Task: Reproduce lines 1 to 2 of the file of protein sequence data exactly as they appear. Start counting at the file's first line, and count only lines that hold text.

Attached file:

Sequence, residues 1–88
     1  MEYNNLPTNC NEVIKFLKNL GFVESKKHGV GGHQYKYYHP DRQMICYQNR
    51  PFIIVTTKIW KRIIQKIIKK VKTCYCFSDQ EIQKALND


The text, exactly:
Sequence, residues 1–88
     1  MEYNNLPTNC NEVIKFLKNL GFVESKKHGV GGHQYKYYHP DRQMICYQNR